publishing date
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Contribution to journal
publication status
published
in
Journal of Clinical Endocrinology and Metabolism
volume
85
issue
9
pages
12 pages
publisher
The Endocrine Society
external identifiers
  • scopus:0033709495
ISSN
0021-972X
language
English
LU publication?
no
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5e96c852-0cd2-415a-b7e5-82cf65201cc4
date added to LUP
2017-09-06 14:52:11
date last changed
2017-09-06 16:42:56
@article{5e96c852-0cd2-415a-b7e5-82cf65201cc4,
  abstract     = {<p>Autoimmune mechanisms have been implicated in the pathophysiology of diabetic neuropathy. We studied the association between glutamic acid decarboxylase (GAD65) and islet cell (IA-2) autoantibodies as well as autoantibodies to the autonomic nervous system and peripheral nerve function in recent onset type 1 diabetes. Thirty-seven patients (27 females and 10 males) enrolled 2-22 months after diagnosis. Humoral factors, glycemic control, and peripheral nerve function were measured annually for 3 yr. Patients with high GAD65Ab had worse glycemic control and higher insulin requirements. Patients with high GAD65Ab had slower motor nerve conduction velocities in the median, ulnar, and peroneal nerves (P &lt; 0.025 for each nerve). The mean motor nerve conduction velocity Z scores at the time of the third evaluation was 0.341 ± 0.25 for the low GAD65Ab patients and -0.600 ± 0.25 for the high GAD65Ab patients (P &lt; 0.01). Similar differences between the low and high GAD65Ab groups were observed for F wave latencies, thermal threshold detection, and cardiovascular autonomic function. The composite peripheral nerve function Z scores in the low GAD65Ab patients were 0.62 ± 11, 0.71 ± 0.19, and 0.21 ± 0.14 at the first, second, and third evaluations, significantly different from those in the high GAD65Ab patients in whom they were -0.35 ± 0.15, -0.46 ± 0.18, and -0.42 ± 0.16 (P &lt; 0.001). In summary, GAD65Ab in patients with recent onset type 1 diabetes are associated with worse glycemic control and slightly worse peripheral nerve function. Although the latter remained within normal limits and none of the patients had clinical neuropathy, the GAD65Ab-related differences in composite peripheral nerve function were highly significant (P &lt; 0.001) and could not be attributed to GAD65Ab-related differences in glycemic control.</p>},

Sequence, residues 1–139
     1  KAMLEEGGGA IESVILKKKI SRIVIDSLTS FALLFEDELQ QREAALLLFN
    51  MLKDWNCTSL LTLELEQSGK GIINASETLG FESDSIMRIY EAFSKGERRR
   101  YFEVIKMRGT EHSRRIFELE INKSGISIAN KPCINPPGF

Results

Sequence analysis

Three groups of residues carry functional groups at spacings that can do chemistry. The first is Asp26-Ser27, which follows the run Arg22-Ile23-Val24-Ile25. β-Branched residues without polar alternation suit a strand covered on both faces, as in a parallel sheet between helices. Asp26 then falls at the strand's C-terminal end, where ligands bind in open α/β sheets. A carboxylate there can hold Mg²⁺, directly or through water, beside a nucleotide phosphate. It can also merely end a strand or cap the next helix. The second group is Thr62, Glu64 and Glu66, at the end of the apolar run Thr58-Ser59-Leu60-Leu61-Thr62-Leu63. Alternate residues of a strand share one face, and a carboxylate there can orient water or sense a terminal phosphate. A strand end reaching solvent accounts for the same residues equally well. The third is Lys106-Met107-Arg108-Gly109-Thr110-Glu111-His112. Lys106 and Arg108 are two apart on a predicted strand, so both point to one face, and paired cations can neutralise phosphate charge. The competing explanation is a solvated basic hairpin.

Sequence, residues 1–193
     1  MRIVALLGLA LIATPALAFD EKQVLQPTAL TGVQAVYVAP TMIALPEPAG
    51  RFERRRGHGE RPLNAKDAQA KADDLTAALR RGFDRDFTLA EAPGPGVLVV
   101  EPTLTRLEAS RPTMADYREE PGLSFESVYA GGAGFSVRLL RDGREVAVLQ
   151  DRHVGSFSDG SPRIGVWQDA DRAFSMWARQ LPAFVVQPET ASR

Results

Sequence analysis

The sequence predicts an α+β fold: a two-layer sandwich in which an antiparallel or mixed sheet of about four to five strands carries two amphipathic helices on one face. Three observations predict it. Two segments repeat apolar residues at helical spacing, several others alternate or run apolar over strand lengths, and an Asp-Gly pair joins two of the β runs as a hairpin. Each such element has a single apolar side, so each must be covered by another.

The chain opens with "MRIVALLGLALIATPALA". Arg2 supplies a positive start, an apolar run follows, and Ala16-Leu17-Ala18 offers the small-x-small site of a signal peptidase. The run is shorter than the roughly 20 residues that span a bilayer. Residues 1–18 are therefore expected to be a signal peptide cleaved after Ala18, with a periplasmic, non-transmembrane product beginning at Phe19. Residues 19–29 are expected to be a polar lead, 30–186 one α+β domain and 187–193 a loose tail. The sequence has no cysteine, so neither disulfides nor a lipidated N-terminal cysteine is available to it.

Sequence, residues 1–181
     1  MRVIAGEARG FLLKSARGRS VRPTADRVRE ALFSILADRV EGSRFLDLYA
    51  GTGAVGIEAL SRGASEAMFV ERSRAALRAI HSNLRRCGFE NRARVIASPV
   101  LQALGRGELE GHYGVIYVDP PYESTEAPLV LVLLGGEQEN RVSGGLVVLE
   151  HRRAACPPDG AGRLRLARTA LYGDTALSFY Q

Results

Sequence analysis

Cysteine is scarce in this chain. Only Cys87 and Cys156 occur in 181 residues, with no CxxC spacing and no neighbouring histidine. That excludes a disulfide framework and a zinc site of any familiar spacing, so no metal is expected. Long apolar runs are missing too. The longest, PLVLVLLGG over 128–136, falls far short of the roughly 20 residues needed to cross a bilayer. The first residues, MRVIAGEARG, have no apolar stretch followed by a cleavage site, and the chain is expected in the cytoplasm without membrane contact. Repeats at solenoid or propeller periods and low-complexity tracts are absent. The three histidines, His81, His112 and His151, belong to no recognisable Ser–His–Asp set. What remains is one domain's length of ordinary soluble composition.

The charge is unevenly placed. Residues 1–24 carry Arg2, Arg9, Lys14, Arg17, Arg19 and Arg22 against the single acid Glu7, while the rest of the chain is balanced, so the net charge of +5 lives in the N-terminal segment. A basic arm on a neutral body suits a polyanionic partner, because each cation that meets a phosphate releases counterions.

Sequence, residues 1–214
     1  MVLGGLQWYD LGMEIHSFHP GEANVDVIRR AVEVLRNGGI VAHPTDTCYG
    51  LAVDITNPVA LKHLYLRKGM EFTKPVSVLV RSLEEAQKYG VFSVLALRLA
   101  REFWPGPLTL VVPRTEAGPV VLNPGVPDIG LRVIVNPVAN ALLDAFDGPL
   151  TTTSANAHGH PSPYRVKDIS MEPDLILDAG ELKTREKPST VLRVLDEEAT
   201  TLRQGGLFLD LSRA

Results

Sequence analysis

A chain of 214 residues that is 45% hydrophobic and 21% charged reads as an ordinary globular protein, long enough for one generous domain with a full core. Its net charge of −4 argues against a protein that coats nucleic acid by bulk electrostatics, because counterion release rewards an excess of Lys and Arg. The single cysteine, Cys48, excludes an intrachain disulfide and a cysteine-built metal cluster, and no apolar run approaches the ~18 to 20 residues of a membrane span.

author       = {Hoeldtke, Robert D. and Bryner, Kimberly D. and Hobbs, Gerald R. and Horvath, Gabriella G. and Riggs, Jack E. and Christie, Ian and Ganser, Gary and Marcovina, Santica M. and Lernmark, Ake},
  issn         = {0021-972X},
  language     = {eng},
  number       = {9},
  pages        = {3297--3308},
  publisher    = {The Endocrine Society},
  series       = {Journal of Clinical Endocrinology and Metabolism},
  title        = {Antibodies to glutamic acid decarboxylase and peripheral nerve function in type 1 diabetes},
  volume       = {85},
  year         = {2000},
}